Illinois becomes 11th state to allow recreational marijuana

A man smokes marijuana from a bowl at his home in DeKalb, Ill. Gov. J.B. Pritzker made Illinois the nation's 11th state to legalize recreational marijuana use. Mark Busch/Daily Chronicle via AP

FULTON, Ill. — A Friday morning meeting at Agri-King in Fulton allowed Illinois business leaders and employers to discuss the future of their drug policies after the Illinois General Assembly's recent legalization of recreational marijuana.

The meeting, presented by the Clinton Regional Development Corp., gathered roughly 20 of those leaders and employers as they heard from Susan Zelnio, program director of Workforce Development with the Moline Foundation. Zelnio has dealt with various drug policy issues throughout her career, and Friday morning provided a brief update about how the new Illinois law would affect individual business policies.

"(The new law) is huge," Zelnio said. "Legislators are expecting a $57 million (increase in revenue in the first year) which will be great for them. Almost 800,000 will get their criminal record expunged, and about 40,000 who are currently serving time in prison (for marijuana-related offenses) will be released."

Zelnio highlighted those releases and expungements as thousands of new potential employees for Illinois employers, but "you have to realize that these people probably will smoke...the question is, do you want to have people who have smoked on their own time (working for you)?"

The presenter ultimately expressed that each employer's situation is different based on industry, equipment used, and other variables when it comes to being comfortable with employees who potentially smoke marijuana. Zelnio predicted a test in the future that would be able to tell employers if an employee has used marijuana in the previous 12 hours.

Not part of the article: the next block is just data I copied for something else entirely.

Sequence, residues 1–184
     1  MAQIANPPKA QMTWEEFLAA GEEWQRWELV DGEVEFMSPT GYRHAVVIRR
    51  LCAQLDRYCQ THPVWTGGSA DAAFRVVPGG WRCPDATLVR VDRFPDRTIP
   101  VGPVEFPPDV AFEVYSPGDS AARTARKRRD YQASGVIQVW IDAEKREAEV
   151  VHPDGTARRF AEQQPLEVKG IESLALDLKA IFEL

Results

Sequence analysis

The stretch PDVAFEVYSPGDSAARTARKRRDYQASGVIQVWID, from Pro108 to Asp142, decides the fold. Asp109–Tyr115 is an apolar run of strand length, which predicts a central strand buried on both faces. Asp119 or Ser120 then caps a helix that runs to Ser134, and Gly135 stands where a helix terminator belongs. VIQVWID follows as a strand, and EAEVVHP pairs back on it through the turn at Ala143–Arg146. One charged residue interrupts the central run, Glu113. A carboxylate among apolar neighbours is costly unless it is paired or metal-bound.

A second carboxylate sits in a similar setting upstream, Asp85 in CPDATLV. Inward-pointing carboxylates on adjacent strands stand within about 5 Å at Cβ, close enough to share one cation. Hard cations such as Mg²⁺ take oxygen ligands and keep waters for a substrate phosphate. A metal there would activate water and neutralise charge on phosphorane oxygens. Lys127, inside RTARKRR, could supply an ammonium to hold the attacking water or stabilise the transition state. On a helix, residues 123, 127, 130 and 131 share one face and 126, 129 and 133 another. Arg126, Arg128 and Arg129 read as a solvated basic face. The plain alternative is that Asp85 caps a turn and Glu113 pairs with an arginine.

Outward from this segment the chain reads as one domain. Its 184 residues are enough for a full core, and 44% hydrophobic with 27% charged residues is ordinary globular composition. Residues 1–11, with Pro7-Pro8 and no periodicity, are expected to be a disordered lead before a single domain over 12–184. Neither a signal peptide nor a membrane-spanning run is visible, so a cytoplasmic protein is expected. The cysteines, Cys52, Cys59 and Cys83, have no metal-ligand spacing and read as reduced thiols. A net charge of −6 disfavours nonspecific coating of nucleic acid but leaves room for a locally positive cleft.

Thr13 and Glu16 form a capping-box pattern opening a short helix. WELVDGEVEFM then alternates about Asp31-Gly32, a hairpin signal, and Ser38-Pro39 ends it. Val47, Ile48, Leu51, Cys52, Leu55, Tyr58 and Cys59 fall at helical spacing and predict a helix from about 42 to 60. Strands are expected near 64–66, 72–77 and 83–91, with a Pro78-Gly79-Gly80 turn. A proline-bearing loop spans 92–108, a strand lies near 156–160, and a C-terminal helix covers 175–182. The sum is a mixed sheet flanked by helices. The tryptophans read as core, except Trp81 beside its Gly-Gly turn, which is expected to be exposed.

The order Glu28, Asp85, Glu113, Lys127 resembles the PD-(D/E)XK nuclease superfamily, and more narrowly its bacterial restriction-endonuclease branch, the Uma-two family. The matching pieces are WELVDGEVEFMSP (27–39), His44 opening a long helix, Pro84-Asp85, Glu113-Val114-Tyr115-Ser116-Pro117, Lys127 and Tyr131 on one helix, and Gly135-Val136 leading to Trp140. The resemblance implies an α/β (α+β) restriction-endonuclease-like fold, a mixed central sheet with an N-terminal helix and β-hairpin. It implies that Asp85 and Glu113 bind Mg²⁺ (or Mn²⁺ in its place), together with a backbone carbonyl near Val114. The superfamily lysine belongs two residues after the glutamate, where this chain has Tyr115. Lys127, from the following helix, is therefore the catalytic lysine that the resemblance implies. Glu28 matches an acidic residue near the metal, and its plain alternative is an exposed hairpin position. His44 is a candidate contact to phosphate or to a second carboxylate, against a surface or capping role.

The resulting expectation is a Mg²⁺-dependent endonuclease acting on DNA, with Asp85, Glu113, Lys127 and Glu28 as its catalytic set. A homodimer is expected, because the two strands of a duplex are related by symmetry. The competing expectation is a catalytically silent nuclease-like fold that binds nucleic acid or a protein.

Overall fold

Zelnio continued to place responsibility on individual employers as to whether marijuana use would be allowed in company policy.

"(Marijuana use) is such a pervasive problem already, and it's going to get worse and worse when it officially becomes legal in Illinois," Zelnio said. "We anticipate it will. The question is for you, 'Does it matter? Does it really matter?'"

CRDC Existing Industries Manager Andy Sokolovich was on hand for the meeting, eager to hear how the new Illinois law would play out. Sokolovich was introduced to Zelnio in recent months and felt that a larger conversation between her and Illinois Gateway-area employers could prove beneficial.

"There's a lot of talk and discussion now about drug policies," Sokolovich said. "Especially with the announcement of the use of recreational marijuana on this side of the river...I met Susan about seven months ago, and this was kind of her area of expertise when we met. That's why I wanted to bring her here to provide an update about substance abuse policy, and for you employers, to maybe help out with drug policy questions and how yours may change."